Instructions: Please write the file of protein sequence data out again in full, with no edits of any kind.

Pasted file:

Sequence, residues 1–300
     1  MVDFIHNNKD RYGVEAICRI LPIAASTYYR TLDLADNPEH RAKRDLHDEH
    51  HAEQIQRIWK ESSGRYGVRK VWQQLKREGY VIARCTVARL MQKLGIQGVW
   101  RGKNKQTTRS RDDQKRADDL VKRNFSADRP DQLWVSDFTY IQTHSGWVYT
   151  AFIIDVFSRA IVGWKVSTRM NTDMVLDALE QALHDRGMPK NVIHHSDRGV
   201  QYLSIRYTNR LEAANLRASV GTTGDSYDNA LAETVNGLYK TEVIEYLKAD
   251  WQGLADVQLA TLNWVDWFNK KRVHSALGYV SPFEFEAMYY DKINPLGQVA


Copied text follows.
Sequence, residues 1–300
     1  MVDFIHNNKD RYGVEAICRI LPIAASTYYR TLDLADNPEH RAKRDLHDEH
    51  HAEQIQRIWK ESSGRYGVRK VWQQLKREGY VIARCTVARL MQKLGIQGVW
   101  RGKNKQTTRS RDDQKRADDL VKRNFSADRP DQLWVSDFTY IQTHSGWVYT
   151  AFIIDVFSRA IVGWKVSTRM NTDMVLDALE QALHDRGMPK NVIHHSDRGV
   201  QYLSIRYTNR LEAANLRASV GTTGDSYDNA LAETVNGLYK TEVIEYLKAD
   251  WQGLADVQLA TLNWVDWFNK KRVHSALGYV SPFEFEAMYY DKINPLGQVA